With the growth of the LDS Church worldwide, I think few academics of Mormonism disagree that the Church’s international progress deserve more attention. Even so, I was surprised when I compiled a list of international publications from last year. The list is substantial.
Sometimes unintentional mistakes lead to interesting lines of thought. A few weeks ago I misheard a speaker in an LDS meeting. The speaker was quoting John 14:27, and either because of the speaker’s mispronunciation or my imperfect hearing, I heard the word “live” instead of the word “leave.” This lead me to think about what it means to live in peace.
Mexican-American activist Raul Lopez-Vargas letter asking Mexican President Felipe Calderón to hold up LDS missionary visas to Mexico because of proposed illegal immigration enforcement legislation is being called a blatant blackmail attempt. If true, I have to wonder how he could possibly think it would work.
Times and Seasons has selected Elizabeth Smart as Mormon of the Year for 2010. Elizabeth Smart has been in the public eye this year in the United States and around the world as the chief witness in the trial of Brian David Mitchell, who abducted her in 2002. And her testimony gave her significant influence, despite her apparent distance from the spotlight while serving on an LDS mission during 2010. In her testimony, Smart showed a poise and decorum that is rarely found among private individuals thrust into the public spotlight. Central to Smart’s impact is her religion. Mormonism was part of what the public knew about her from the beginning, and was part of the story of her testimony at the trial. While Smart’s impact is rooted in her abduction, and thus in being a victim, in succeeding years she has also become known for her own actions — for her activism in favor of Sexual Predator legislation and…
When I looked at the results of voting for the Baseball Hall of Fame, I was somewhat surprised that two LDS players were still getting enough votes to stay on the list for next year, even though they haven’t yet been selected. And one of the players looks like he may eventually be selected — perhaps even next year.
This post opens the voting for Mormon of the Year. Votes will be taken until midnight Eastern Time on Saturday, January 8th, at which time the voting will close. The voting mechanism will attempt to restrict votes to one per person. The order of the choices is set at random, and is different each time the form is presented. THE WINNER OF THE ONLINE VOTE IS NOT NECESSARILY THE MORMON OF THE YEAR!!!
On December 21st the U.S. Census Bureau will release the initial results of the 2010 census and indicate which states will gain members of Congress and which states will lose members of Congress. From the estimates made by third parties, it seems likely that the number of Mormons in Congress will increase as a result.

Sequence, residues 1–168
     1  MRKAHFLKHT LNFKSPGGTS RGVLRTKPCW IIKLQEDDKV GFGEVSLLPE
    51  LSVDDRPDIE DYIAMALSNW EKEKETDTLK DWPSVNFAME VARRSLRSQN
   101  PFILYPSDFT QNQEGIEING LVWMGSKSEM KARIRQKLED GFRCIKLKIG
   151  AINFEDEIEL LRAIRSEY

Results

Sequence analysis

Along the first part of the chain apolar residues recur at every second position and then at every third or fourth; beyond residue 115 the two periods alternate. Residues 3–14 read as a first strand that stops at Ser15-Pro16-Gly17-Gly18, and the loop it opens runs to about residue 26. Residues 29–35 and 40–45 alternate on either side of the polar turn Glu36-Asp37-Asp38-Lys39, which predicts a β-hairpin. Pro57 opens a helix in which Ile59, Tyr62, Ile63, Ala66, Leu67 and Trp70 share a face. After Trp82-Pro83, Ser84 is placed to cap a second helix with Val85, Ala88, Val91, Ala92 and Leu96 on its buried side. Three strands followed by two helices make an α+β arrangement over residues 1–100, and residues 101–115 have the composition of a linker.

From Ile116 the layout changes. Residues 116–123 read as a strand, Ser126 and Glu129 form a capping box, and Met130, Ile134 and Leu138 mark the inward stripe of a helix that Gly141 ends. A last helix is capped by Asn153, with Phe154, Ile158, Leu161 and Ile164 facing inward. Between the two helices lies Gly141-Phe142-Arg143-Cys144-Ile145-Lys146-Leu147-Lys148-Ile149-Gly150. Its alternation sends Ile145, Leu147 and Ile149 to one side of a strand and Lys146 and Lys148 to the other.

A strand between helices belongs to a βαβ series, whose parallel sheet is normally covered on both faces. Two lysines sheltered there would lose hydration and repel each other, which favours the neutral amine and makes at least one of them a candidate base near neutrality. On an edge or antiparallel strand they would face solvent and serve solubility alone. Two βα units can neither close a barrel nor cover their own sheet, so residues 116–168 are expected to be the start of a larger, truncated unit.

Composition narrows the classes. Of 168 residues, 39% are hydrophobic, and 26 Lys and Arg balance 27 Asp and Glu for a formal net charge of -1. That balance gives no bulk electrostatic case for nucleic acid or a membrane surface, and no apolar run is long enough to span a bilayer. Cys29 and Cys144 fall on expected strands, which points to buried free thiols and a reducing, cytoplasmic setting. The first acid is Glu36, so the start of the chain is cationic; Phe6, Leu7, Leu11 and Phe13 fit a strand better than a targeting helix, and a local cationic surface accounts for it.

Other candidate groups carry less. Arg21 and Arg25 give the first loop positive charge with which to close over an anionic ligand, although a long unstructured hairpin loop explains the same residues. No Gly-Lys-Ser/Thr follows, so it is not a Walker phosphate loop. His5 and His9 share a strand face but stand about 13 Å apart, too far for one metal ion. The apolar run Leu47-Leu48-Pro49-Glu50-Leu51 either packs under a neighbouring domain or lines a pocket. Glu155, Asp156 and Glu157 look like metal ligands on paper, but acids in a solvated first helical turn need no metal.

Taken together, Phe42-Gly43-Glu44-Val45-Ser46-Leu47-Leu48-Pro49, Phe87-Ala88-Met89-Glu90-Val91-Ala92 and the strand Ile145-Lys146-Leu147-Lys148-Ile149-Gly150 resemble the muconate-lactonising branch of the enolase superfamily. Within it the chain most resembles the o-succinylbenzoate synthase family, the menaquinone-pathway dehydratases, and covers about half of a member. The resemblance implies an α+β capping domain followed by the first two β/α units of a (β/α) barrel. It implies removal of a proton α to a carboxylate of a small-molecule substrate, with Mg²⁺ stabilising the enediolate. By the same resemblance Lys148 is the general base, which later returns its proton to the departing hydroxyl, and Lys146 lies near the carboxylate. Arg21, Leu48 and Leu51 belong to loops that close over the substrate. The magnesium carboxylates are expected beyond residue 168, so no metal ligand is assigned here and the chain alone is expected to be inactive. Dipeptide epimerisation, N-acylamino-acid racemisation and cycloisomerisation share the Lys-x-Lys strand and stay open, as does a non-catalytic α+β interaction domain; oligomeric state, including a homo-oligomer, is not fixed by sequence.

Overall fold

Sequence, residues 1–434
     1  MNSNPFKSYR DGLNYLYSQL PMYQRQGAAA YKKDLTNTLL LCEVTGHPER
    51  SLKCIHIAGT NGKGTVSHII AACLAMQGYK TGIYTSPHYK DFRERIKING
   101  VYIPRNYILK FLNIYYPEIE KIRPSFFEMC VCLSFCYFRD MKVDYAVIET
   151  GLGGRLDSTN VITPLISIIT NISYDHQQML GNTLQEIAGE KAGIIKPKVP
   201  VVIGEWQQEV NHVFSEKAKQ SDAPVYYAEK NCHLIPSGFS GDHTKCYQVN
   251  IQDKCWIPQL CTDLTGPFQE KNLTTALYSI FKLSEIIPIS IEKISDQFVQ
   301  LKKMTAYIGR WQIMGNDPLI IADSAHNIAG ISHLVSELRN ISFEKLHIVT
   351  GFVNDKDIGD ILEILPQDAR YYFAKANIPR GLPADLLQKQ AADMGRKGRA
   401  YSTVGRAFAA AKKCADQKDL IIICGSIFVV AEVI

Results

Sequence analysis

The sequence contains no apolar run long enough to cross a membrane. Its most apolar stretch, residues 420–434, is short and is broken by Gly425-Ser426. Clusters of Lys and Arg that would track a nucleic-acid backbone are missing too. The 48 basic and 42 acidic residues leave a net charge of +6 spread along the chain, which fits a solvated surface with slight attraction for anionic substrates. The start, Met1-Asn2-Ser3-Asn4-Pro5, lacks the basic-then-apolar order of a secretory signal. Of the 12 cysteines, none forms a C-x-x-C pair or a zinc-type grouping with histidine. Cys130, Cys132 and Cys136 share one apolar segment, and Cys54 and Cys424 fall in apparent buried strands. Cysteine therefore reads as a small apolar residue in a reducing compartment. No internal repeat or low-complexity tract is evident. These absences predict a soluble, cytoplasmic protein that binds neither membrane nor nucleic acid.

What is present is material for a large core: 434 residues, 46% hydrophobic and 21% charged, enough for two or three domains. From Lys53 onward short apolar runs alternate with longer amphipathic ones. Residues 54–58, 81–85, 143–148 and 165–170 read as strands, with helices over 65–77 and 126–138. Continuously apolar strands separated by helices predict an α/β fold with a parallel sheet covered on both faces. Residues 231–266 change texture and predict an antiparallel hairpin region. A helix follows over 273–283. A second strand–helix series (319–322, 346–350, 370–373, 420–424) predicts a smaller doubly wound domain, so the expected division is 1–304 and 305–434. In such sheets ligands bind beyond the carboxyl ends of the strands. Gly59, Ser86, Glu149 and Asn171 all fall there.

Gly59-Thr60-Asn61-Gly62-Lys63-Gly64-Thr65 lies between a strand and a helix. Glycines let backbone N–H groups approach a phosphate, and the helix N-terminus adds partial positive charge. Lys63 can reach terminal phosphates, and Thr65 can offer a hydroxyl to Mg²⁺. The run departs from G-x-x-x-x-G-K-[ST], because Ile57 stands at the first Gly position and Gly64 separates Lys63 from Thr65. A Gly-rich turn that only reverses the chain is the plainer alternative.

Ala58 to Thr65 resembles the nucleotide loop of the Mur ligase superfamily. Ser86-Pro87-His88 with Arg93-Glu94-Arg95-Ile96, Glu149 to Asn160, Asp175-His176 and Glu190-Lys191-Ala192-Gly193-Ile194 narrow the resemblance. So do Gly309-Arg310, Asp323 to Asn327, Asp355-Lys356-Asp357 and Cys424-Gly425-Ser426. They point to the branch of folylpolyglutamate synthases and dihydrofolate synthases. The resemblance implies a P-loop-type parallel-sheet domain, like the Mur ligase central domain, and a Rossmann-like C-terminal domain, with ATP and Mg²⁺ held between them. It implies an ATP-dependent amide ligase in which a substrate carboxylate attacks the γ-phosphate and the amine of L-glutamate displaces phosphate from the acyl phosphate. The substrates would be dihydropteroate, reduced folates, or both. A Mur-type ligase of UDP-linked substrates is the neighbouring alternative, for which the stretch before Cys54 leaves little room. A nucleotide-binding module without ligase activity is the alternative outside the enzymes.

Its that time of year again. The media are already reviewing the important news stories of the year, Time will soon select its Person of the Year (one Mormon — Glenn Beck — has been nominated this year); so we should get busy selecting the Mormon of the Year. For those who don’t remember, T&S selected Mitt Romney as the Mormon of the Year for 2008, and Harry Reid for 2009. As in the past, the choice does not mean that the person is a good Mormon or even a good person. This designation is solely about the impact the person has had. I think the ground rules are basically the same as in the past (suggestions about changes to the rules are welcome – we try to improve the rules each year): Nominees must be Mormon somehow — nominees must have been baptized and claim to be Mormon. Nominees must have been living at some point during the year. The…
A couple of posts on the social network Orkut claim that the age to serve an LDS mission in the Brazil Area has been lowered to 18—and claim that politics in the U.S. has led to the change.
What if you could play the lottery and not lose any money? — You might not win, but you were guaranteed not to lose what you put in. Would that still be against LDS Church teachings? Would you vote against it in a referendum?
Today is Armistice Day. You were supposed to bow your head in a minute of silence at 11:11 today, the 11th day of the 11th month of the year, in recognition that peace was achieved at that time in 1919, ending what we now call the First World War. Did you do it?”
My summary and reaction to the Priesthood Session of General Conference: Elder Nelson: A very nice complement to President Monson’s remarks of the morning session. Elder Nelson focused on missionaries and missionary work, reviewing why we have missionaries and what members should do to forward missionary efforts. He said that the Church has more than 52,000 missionaries serving in 300+ missions. FWIW, the number of missionaries has fallen for most of the past decade (probably due to the decline in the birthrate among members in the U.S.), and the Church has even had to reduce the number of missions as a result. Elder Nelson also said that among his descendants and their spouses (children, grandchildren, etc.) 49 have served missions. Personally, I have only one so far, so I’ve got a way to go on this metric. I found his promotion of the new mormon.org as a missionary tool very interesting. Elder Kearon: Told story about growing up on the…